Neil Turner's Blog

Blogging about technology and randomness since 2002

The RSS Reader search goes on

Like me, Stephen Desroches, another B&B Gnomie, is searching for the Perfect RSS Reader. He seems to be impressed by FeedReader, unlike me who was annoyed by its lack of support for the increasingly common content:encoded extension (it’s why I provide a separate RSS 0.91 feed). However, its small footprint, both in terms of HD space and memory, impressed me, along with the fact that it’s free.

Anyway, somebody called Adam Webb left a comment pointing to SharpReader. I took a look, and I’m certainly impressed from an ease-of-use point of view. Here’s a screenshot:

The address bar is a nice touch – you can read an RSS feed in it without having to subscribe to it, and it displays feeds fine. It fully supports RSS 2.0, from what I can tell, which is nice.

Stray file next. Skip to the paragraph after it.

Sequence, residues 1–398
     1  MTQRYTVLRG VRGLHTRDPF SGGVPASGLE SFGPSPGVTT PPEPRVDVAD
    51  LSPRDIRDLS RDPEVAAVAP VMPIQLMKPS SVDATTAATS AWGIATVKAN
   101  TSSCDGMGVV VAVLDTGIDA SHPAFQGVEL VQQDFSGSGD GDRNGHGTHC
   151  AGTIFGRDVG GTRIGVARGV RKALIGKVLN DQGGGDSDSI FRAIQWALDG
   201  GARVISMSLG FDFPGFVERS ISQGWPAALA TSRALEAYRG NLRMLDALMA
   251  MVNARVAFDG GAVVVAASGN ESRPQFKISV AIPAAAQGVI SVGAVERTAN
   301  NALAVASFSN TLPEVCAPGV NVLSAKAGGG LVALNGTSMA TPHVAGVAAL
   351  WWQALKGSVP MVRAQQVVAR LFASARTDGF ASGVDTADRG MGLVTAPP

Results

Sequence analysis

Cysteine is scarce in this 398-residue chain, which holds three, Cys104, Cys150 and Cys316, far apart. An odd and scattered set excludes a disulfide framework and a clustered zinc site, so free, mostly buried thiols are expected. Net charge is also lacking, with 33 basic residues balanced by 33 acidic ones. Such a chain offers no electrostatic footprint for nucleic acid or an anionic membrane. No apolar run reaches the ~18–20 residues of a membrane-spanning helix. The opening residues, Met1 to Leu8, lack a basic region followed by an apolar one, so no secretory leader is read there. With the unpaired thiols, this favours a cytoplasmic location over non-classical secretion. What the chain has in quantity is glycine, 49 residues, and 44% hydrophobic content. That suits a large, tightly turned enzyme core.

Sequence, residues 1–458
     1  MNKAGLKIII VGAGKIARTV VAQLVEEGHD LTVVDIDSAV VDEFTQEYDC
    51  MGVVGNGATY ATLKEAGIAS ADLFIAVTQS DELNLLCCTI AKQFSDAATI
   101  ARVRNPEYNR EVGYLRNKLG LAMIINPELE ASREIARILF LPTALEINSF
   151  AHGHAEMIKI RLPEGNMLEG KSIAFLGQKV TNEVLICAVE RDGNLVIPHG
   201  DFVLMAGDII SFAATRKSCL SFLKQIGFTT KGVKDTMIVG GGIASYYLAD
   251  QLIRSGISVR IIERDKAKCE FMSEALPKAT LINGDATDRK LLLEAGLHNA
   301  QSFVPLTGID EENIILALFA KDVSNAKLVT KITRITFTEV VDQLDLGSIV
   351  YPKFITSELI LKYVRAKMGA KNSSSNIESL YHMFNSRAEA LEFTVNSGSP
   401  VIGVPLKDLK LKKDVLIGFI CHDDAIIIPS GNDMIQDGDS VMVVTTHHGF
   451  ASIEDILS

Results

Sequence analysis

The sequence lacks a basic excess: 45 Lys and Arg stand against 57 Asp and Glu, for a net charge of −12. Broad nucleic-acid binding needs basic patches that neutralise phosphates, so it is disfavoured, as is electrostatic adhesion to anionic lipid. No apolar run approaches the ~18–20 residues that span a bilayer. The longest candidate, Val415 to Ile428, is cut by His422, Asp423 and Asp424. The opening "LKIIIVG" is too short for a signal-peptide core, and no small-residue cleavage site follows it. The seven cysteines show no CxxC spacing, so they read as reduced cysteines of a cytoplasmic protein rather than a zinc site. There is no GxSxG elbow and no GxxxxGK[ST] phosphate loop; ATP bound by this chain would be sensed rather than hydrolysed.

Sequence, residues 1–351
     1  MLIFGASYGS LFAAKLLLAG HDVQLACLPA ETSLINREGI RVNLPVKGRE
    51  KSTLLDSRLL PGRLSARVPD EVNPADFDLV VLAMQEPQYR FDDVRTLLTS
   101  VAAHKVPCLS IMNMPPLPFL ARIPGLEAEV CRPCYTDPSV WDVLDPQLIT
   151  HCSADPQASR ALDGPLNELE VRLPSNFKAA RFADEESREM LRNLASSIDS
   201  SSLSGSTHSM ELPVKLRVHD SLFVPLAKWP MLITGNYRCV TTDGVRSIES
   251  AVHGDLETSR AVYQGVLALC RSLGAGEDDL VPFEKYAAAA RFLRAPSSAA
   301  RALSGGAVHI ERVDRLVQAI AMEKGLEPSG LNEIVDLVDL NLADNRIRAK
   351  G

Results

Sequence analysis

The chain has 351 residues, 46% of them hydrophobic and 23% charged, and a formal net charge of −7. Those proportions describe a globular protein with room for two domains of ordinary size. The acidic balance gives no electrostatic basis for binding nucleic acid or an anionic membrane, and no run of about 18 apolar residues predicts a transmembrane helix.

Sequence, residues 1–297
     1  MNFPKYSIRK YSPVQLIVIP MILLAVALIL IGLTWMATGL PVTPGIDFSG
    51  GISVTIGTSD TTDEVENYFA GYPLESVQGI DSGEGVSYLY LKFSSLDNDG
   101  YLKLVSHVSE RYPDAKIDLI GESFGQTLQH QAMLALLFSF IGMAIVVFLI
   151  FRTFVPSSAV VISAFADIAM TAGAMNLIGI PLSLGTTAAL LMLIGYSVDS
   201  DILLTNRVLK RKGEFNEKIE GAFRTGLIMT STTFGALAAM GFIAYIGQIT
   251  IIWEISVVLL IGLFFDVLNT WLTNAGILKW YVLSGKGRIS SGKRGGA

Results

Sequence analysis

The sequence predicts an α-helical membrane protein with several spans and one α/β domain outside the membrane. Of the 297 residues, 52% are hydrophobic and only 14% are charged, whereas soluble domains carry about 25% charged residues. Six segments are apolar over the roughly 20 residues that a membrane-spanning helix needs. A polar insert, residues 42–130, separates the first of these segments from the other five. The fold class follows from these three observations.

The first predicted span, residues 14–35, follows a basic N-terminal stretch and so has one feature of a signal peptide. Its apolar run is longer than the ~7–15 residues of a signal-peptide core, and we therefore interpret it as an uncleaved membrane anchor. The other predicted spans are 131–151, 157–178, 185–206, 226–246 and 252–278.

But I’m not going to be keeping it. Why? Well, look at this shot from task manager:

Yep, 20MB of memory, which is even more than Mozilla uses when it has 4 tabs and the mail client open. The ‘sharp’ in the name should give you a clue as to why – it’s written in C# (that’s ‘C sharp’, not ‘C hash’), which means it needs the .Net framework. Now while .Net is allegedly faster than Java, its platform-independent rival, it still sucks up huge amounts of memory, which, on a 112MB system running Windows XP, is in short supply.
This was also my complaint with Syndirella – the client was good, but my system isn’t capable of running it, particularly as you’re supposed to run these programs in the background. I have it running now, and the system is not nearly as responsive as usual.
So the hunt goes on. Blarg.


  1. In just over a day of using FeedReader, it started to annoy me on various tasks. It’s nice and simple but it’s just not doing it for me like I original thought it would. I have installed a few more readers today and must say that SharpReader is real nice despite the memory usage (almost 50 meg on my system of 512). Since I only plan on opening it when I want to browse and not run it in the back-ground all the time, this draw back is a small obstacle to look over.

  2. why dont you put another stick of memory in your laptop?

  3. Because I can’t. I’ve opened up the panels but can’t find anywhere to put the memory, and I’m scared about taking the whole thing apart in case I can’t get it back together again.
    And I don’t intend to spend